have pigged out on the Ch. Routas rose, the 92 Central Coast syrah, the
91 Los Olivos Cuvee, and my favorite of the night, the 91 Bien Nacido syrah.
Nevertheless, I exercised restraint so my online pals could benefit from
Syrah 1982 "Paso Robles"--Bob's first
syrah. Light red, orange edge. Gamy, wet dog, earthy. Appealing. Fading
fruit. Still some tannins. A bit acidic middle. Bitter aftertaste. (83)
Syrah 1992 "Central Coast"--Deep ruby
red. Huge nose/earthy/gamy/ briary/red and black berry nose. Horsey. Lovely.
Sweet, luscious, beautiful fruit. Great syrah. Excellent balance. (93)
Syrah 1996 "Central Coast"--Purple.
Berryish nose. Good fruit concen- tration. Sweet approach. Lovely mouthfeel,
deep mid-palate. Lingering finish. Good tannic structure. Should
evolve nicely. (90 now, should get even better.)
Los Olivos Cuvee 1991--60%% syrah, 40%%
mouvedre. Medium red. Earthy/ horsey/hay/appealing. Slight sweetness. Lovely
fruit. Well-rounded. Delicious. Could drink this all day, everyday. (88)
Los Olivos Cuvee 1995--50%% syrah, 50%%
mouvedre. Medium violet. Junior league nose compared to the 91. Tastes
thin, simple. Light, Beaujolais style. Very light tannin. Simple finish.
From magnum. (82)
Syrah 1988 "Bien Nacido Reserve"--Controversial.
Bob's favorite wine of the night, I found this very off. Good color. Bouquet
of adhesive tape/ walnuts/burnt rubber/onions. Gone bad. Putrid off-taste.
Bob says this is a rustic quality that he likes in Rhone wines, like bacon.
Sorry, I have an honest disagreement with the winemaker here. In spite
of the faults with the wine, it still had a good tannic core and concentrated
fruit. But I couldn't get past these strange components. Fortunately, Bob
hasn't figured out how to get this feature into all his syrahs! So I still
think he makes the best syrah in the US. 3 liter bottle. (50)
Syrah 1991 "Bien Nacido Reserve"--Purple.
Earthy, subdued berry and dried fruit aromas. Still intense, concentrated
tannic. Big, full mouthful. Great syrah. Can still use a few more years
of age, it has the fruit and tannic structure to continue to improve. I
bought some when it was first released and it gets better every time I
drink it. 5 liter bottle. (94)
Syrah 1993 "Bien Nacido Reserve"--Deep
red/violet. Beautiful nose. Black fruit/cherry/wet earth. Sweet, light
body. Cherry. Fine tannins. Smooth mid-palate. Good clean finish. Not as
concentrated as the 91. From magnum. (88)
Syrah 1995 "Bien Nacido Reserve"--Deep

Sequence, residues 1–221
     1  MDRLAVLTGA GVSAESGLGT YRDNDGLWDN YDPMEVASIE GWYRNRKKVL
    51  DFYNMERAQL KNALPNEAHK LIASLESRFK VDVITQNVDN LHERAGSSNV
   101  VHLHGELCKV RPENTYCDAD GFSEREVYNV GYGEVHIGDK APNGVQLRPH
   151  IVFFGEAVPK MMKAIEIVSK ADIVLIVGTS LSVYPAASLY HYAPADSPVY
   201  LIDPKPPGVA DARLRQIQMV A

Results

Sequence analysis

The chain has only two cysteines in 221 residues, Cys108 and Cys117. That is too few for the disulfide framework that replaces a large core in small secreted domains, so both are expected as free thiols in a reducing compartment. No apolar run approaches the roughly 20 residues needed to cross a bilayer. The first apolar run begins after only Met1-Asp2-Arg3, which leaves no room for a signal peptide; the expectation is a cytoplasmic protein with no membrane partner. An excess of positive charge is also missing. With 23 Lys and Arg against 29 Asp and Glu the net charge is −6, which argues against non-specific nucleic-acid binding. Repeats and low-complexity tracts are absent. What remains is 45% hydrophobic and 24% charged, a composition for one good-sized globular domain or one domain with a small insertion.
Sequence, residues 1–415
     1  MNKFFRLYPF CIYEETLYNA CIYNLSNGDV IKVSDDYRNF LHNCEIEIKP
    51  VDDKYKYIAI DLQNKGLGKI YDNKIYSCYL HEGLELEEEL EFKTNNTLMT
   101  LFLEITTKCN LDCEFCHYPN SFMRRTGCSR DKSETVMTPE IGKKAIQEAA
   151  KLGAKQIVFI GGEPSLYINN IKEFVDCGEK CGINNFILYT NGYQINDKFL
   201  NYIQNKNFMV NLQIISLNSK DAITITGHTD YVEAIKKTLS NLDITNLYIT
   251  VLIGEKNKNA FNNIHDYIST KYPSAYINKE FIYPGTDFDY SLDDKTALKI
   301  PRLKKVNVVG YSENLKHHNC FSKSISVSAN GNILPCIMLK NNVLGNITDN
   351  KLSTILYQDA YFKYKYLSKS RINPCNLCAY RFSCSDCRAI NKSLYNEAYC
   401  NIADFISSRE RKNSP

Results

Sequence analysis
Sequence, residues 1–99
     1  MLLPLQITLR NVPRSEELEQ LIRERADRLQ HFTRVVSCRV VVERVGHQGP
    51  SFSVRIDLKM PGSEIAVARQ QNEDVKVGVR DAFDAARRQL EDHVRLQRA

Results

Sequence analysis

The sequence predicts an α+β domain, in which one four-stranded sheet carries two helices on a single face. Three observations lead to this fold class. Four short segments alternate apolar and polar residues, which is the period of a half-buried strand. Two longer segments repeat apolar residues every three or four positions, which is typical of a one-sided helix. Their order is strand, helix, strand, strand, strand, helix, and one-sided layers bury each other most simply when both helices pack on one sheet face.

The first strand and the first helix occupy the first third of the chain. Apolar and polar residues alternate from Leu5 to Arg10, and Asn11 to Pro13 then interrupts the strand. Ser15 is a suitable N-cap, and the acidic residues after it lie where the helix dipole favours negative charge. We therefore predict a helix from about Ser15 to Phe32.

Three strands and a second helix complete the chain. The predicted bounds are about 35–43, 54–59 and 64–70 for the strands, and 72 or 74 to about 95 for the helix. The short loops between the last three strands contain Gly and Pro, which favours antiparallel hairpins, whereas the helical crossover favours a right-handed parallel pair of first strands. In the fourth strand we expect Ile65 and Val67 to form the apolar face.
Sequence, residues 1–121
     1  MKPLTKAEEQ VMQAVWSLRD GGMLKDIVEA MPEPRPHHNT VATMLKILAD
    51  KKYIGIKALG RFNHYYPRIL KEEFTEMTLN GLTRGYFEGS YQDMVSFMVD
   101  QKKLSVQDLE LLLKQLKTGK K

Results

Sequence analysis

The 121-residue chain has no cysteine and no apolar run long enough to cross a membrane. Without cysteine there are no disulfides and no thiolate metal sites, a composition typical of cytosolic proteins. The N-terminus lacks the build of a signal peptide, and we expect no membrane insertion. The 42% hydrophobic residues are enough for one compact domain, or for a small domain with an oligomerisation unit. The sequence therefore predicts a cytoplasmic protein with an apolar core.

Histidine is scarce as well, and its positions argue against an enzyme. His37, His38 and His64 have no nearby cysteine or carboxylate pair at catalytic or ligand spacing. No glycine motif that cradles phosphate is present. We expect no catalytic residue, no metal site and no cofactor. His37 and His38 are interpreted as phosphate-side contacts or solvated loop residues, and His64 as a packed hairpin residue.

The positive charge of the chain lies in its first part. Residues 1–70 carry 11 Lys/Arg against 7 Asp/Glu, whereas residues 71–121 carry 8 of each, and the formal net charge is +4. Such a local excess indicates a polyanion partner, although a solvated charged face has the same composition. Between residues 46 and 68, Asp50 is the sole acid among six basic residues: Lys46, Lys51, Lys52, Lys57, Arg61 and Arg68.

violet. Intense nose of berry concentrate, camphor. Short of tannins on
mid-palate, finish. Disappointing compared to other BN Reserves. Could
it improve with age? Magnum. (86)
Syrah 1995 "Bien Nacido Hillside Select"--Bob's
second vintage from this section of the BN vineyard. The 1994 is a tough
act to follow. To my taste, the 94 Hillside is the finest California syrah
I've had. Bob likes the 95 better. We'll see. I actually jumped ahead to
taste this wine after #14, while I still has my taste buds. Medium purple.
Closed in, but sexy/berry/ earthy/ nose. Perfumey. Not as big as the 94.
Good fruit, somewhat light viscosity. Dusty tannins. Slightly coarse,
hot finish. Should come around in a few years. (88 now, 90+ around the
turn of the century?)
The best QPR [Quality to Price Ratio] of the evening has to be
the 1996 Syrah Central Coast. It is just out and can probably be bought
in the low teens. Will it be as good as the 92 in a few years. It's worth
Bob Lindquist is a great guy, an excellent winemaker, and has the energy
to keep expanding his efforts. All of his wines are worth trying. The Qupe's
are consistently very good to excellent, and some of his syrahs are truly
outstanding wines. The Chateau Routas wines will definitely be worth checking
out--there're so many instances of French winemakers coming to America
to make wines, now we have an American winemaker going there. It will be
Only disappontment of the evening--Bob did not bring his Thumbs-Up Late
Harvest Riesling, a phenomenal dessert wine made in collaboration with
Jim Clendenon. Bob and Jim have been co-conspirators in winemaking for
many years now, producing some of the most interesting and bold wines on
the Central Coast. The Thumb-Up was a brilliant, maybe one-time, wine.
The market for Riesling is so precarious, most growers have replanted.
If you love Riesling, please buy more California grown or it will continue